Be more inclusive than exclusive. Don’t be blinded by those who tend to use shame, blame and guilt to shackle people down and divide them. Set people free with your respect and nonjudgmental way.

May your moral compass be grounded in respect for all human beings, no matter what their color, their race, their creed or their sexual orientation. May this compass guide you on a path that is committed to working for peace and social justice. As Gandhi once said, “Be the change you hope for in the world.”

Congratulations graduates of the Class of 2016. Thanks for making the world a little richer, a little brighter and a better place to be!

Fr. Pizzarelli, SMM, LCSW-R, ACSW, DCSW, is the director of Hope House Ministries in Port Jefferson.

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By Fr. Francis Pizzarelli

On April 26 I presided at a funeral like no other in my 37 years within our community. The young man died too young — he was only 25. He came from a loving, tight-knit family. At the end of his funeral Mass, his father came to the pulpit and shared this powerful reflection:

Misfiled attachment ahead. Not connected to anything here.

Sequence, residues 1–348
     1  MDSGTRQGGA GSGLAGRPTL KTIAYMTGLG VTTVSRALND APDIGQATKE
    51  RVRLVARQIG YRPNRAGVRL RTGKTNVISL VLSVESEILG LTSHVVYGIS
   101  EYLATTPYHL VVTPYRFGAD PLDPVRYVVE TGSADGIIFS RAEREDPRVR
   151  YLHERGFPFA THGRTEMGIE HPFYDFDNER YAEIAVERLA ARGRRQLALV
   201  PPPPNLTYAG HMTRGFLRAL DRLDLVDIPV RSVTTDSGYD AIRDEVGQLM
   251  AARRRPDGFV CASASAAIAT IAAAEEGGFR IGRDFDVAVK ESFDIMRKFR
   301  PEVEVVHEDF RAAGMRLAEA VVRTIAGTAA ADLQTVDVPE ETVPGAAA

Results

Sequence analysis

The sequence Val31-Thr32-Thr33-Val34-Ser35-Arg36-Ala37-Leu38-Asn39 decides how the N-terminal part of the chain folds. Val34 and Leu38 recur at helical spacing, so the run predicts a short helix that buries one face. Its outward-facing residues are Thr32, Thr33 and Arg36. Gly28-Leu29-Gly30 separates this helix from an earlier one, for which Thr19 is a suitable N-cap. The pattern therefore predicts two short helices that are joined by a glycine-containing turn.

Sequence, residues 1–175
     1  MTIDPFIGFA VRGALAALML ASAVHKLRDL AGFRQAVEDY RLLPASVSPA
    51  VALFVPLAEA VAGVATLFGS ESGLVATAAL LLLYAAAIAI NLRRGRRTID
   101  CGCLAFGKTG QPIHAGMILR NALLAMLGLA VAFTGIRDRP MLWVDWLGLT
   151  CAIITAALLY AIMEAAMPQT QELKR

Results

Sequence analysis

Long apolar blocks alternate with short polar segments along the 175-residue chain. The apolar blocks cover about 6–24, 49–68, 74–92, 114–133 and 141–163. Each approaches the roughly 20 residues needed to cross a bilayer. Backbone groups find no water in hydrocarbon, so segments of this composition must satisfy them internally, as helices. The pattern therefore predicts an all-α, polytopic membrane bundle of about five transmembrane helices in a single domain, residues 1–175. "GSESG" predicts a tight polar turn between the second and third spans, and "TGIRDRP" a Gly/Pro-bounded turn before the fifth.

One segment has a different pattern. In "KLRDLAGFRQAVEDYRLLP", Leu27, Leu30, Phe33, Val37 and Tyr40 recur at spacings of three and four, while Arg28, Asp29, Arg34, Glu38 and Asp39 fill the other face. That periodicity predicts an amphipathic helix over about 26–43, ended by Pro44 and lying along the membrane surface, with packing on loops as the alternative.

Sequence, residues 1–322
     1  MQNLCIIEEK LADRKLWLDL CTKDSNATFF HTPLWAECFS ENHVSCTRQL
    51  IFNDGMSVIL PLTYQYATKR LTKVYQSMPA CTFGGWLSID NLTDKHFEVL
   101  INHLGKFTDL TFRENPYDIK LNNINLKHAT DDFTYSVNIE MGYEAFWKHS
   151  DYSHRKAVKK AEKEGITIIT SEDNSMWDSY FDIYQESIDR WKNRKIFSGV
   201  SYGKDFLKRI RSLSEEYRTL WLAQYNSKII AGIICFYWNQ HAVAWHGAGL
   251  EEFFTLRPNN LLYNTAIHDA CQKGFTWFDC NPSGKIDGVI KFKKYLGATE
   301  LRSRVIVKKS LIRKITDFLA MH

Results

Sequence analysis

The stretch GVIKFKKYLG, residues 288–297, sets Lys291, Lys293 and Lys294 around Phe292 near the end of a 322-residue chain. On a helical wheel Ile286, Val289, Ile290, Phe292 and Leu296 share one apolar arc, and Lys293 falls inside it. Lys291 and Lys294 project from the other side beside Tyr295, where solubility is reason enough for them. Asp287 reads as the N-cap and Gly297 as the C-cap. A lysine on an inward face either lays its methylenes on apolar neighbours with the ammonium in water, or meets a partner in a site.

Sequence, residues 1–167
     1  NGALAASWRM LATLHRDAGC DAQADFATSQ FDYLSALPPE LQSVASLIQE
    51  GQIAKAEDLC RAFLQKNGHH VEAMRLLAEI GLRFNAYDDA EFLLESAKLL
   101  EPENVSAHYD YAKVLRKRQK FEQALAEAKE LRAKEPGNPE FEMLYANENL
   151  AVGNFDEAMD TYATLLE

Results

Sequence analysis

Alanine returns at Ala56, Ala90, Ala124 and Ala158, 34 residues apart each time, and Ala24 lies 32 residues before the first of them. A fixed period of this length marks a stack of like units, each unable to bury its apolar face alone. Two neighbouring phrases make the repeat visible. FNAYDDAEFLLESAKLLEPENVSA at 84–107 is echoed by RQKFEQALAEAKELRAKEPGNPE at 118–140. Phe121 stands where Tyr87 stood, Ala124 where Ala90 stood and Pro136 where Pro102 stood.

“At my funeral these were my words spoken through my dad. I passed away on April 22, 2016, and I am looking to help those who struggle like I did. This is my story and my truth.

My name is Billy. I want to thank you all for coming and supporting my family. I shouldn’t be in this box but I am, and I’m doing great now. You know I am both a simple and complicated person. I am private, very private and proud. But even though I am so private my family and friends knew so much about me. For those who may not really know me, I’m going to share myself with you.